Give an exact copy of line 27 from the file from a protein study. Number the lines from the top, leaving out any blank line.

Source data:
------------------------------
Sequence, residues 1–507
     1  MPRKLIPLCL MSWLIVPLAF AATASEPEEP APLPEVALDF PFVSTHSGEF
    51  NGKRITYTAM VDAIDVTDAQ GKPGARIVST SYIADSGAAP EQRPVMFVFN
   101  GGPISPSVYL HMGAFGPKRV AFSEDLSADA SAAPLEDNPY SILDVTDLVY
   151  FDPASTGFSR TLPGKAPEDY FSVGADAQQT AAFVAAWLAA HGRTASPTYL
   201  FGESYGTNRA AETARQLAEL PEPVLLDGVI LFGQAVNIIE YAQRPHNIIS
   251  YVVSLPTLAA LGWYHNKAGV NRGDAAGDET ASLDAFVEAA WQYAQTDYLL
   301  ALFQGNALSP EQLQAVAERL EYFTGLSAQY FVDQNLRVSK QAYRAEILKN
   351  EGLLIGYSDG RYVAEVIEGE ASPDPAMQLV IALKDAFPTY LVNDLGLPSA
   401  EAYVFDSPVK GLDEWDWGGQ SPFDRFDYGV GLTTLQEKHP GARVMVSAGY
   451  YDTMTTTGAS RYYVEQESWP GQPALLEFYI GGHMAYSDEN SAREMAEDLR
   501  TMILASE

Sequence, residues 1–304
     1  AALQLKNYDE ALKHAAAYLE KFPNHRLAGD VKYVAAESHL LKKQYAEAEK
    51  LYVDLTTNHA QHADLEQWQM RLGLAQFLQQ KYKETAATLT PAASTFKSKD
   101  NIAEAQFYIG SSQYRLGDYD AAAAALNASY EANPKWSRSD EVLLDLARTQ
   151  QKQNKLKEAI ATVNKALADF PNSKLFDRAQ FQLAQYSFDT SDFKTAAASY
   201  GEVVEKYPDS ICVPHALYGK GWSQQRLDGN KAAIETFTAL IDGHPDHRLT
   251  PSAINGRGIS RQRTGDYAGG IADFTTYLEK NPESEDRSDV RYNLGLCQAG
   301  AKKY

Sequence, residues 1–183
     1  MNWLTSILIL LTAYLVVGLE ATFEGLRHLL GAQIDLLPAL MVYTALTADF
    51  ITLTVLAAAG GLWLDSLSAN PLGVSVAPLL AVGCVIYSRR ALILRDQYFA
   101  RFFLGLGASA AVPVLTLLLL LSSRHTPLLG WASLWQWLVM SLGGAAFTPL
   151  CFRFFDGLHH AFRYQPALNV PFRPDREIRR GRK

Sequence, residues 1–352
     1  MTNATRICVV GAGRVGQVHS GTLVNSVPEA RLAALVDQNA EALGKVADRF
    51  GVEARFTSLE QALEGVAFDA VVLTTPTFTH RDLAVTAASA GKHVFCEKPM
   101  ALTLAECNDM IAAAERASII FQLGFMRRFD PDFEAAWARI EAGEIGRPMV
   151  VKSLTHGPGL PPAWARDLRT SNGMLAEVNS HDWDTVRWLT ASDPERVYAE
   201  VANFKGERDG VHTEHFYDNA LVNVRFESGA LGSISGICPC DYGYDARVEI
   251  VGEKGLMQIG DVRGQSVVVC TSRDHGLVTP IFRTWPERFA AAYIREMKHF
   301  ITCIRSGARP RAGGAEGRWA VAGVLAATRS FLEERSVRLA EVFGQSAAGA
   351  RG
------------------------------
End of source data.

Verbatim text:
     1  MTNATRICVV GAGRVGQVHS GTLVNSVPEA RLAALVDQNA EALGKVADRF